8. Serve the meatloaf with the mashed vegetables and enjoy!

Copyright © Eat the Vegan Rainbow, 2018

Oh My… It’s Another Meatless Shepherd’s Pie

Meatless Shepherd’s Pie, via Eat the Vegan Rainbow

The first full meal post on this blog was my version of that classic, Shepherd’s Pie. The reason I kicked things off by veganizing a classic was that I wanted to push the limits and see if I can do it and be happy with the results. At that point I was one month into plant-based diet, and felt that I need to step it up in terms of how I create my meals. That’s a quick story behind the first Vegan Shepherd’s Pie.

Once that recipe was published I did get some backlash from people who firmly believed that a Shepherd’s Pie without meat is an abomination. I obviously don’t agree and have now created another version of Shepherd’s Pie that is so close to the original that very few people will know the difference. I served this for Easter Sunday dinner few weeks ago, and it was a hit!

The three main tricks I used are to fully cook the lentils on their own in water, to use full sprigs of rosemary without chopping, and to grind the mushrooms in the food processor before using. All these three things put together make this Shepherd’s Pie taste very, very similar to the ground lamb containing version. Except that this recipe leaves the lambs alone – which can’t be bad, right?


And if you are not concerned about the well-being of lambs much, perhaps you’ll find the health benefits of this recipe or its budget-friendliness more appealing. Regardless of your reasons, I hope you find at least one to compel you to try this meatless Shepherd’s Pie. Enjoy!!!

Meatless Shepherd’s Pie

What you’ll need (for 8 HUNGRY people):

14 oz (400 g) dark (brown) lentils

4 large carrots, chopped

5 celery stalks, diced

1 onion, diced

20 oz (570 g) mushrooms

3-4 sprigs of rosemary

2 tablespoons thyme, chopped

4 cups green peas, frozen

6 potatoes, medium size

3 cloves garlic

1/4 cup almond milk

2 tablespoons olive oil

Cooking spray

What you’ll do:

    1. Cook lentils according to bag instructions. In brief, for this amount of lentils you’ll need 4-6 cups of water that you need to bring to boil. Once the water is boiling add rinsed lentils in and simmer until lentils are done, which will take 20 to 25 minutes. Set cooked lentils aside.
    2. Peel and cube the potatoes. Put them in a large pot, and add the garlic cloves too. You don’t need to chop the garlic as it will soften during boiling and you will be able to mash it with potatoes. Cover the potatoes with water and bring to boil. Decrease the heat and boil until potatoes are cooked through. Take the pot of the heat, and let it cool off before mashing.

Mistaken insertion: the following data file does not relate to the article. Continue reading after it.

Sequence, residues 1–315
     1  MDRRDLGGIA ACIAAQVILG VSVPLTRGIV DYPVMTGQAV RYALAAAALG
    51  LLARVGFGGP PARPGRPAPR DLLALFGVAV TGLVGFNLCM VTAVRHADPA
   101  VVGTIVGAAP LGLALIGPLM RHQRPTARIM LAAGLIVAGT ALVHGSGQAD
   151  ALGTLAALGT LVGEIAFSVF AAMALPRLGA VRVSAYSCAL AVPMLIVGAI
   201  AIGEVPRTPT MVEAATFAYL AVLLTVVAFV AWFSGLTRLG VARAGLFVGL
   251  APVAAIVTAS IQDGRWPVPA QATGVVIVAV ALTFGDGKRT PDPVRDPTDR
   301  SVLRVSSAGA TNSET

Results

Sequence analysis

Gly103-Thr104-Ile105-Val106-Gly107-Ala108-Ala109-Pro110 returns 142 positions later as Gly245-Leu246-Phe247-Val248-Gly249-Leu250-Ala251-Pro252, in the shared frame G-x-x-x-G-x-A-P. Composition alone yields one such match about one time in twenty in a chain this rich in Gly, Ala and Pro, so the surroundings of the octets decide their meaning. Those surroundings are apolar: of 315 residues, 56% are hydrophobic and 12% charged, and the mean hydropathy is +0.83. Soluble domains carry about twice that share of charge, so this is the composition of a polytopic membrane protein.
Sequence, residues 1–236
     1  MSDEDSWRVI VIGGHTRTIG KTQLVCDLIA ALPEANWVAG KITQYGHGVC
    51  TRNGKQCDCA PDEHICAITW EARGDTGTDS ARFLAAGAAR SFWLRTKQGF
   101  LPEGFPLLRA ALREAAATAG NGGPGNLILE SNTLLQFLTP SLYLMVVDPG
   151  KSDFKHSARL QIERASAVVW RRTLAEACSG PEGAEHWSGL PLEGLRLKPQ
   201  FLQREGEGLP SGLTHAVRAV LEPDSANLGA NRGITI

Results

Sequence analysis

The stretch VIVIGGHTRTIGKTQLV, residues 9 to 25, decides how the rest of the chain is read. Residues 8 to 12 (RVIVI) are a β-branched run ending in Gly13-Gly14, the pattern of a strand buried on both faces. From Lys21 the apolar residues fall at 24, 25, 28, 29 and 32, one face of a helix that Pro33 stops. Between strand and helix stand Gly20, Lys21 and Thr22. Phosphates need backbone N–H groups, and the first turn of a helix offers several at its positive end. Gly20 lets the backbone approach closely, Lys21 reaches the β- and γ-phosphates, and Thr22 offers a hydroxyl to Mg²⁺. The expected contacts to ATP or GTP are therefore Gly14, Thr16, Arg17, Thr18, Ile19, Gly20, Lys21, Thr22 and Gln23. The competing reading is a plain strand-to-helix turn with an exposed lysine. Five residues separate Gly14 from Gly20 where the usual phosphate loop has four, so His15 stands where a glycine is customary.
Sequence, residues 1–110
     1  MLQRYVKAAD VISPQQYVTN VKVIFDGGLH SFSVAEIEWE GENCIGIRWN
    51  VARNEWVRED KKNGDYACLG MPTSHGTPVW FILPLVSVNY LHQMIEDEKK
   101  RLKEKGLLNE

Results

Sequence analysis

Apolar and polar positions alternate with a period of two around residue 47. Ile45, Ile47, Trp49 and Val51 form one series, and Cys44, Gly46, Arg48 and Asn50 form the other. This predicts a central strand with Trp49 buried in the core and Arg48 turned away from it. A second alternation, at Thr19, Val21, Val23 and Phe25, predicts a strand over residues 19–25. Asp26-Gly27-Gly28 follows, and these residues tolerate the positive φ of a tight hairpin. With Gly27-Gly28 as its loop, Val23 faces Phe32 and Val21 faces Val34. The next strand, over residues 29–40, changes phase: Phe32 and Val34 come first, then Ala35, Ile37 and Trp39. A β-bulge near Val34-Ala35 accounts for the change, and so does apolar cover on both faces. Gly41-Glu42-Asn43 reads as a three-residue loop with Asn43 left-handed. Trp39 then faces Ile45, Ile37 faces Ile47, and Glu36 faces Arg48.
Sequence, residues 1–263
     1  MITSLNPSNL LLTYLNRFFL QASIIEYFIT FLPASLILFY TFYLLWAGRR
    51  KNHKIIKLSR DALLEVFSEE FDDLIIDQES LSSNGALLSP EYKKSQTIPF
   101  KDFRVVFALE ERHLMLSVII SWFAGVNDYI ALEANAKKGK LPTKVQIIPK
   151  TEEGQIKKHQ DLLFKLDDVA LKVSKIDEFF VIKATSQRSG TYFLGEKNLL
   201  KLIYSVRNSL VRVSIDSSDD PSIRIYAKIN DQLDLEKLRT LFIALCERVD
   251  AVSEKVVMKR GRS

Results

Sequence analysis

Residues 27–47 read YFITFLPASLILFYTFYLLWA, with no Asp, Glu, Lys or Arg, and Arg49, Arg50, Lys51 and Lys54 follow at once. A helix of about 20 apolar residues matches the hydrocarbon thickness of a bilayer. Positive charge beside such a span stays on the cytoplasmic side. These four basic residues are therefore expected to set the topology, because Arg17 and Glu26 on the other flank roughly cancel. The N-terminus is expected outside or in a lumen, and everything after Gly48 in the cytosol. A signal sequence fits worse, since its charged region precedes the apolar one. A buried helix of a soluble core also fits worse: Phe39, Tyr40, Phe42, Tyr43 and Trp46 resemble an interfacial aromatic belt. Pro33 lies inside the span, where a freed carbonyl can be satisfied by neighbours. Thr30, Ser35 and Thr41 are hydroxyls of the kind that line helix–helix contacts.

3. Clean the mushrooms with a paper towel to remove any visible bits of dirt. Use a food processor to chop the mushrooms until they are about the same size as little bits of ground meat.
    4. Spray the bottom of a large frying pan with cooking spray and turn the heat on to medium high. Add onion,  carrots and celery. Sauté for 3 to 5 minutes.
    5. Add whole sprigs of rosemary and chopped thyme and stir everything together. Sauté for another 8 to 10 minutes.
    6. Add chopped mushrooms, stir well and sauté until mushrooms are softened, which should not take longer than 5 minutes.
    7. Add frozen green peas, and mix everything together.  You can lower the heat or turn it completely off as all you need to do now is mix the pie filling until the peas thaw.
    8. Take rosemary sprigs out and discard. Some of the leaves will fall off and that’s OK. Remove as many as you can but leaving some in will help the flavor develop further.
    9. Add cooked lentils and mix everything together. Set aside.
    10. Preaheat the oven to 375 F (190 C).
    11. While the oven is preheating, mash the potatoes. To the pot of boiled potatoes that have been drained and cooked, add almond milk, olive oil and mash using a potato masher until the mashed potatoes are soft and smooth. You can always add more almond milk to get the consistency just right.
    12. Spay the bottom and the sides of a large baking dish with cooking spray. Pour the Shepherd’s Pie filling in and smooth out.
    13. Spoon the mashed potatoes over the top. Smooth out the mash and then using a fork create nooks and ridges. Spray the top with a bit more cooking spray and place in the oven for 15 to 20 minutes or until the potato topping is nice and browned.
    14. Serve with your favorite salad or even some vegan gravy. Trust me, this Shepherd’s Pie will leave you speechless!

Copyright © Eat the Vegan Rainbow, 2017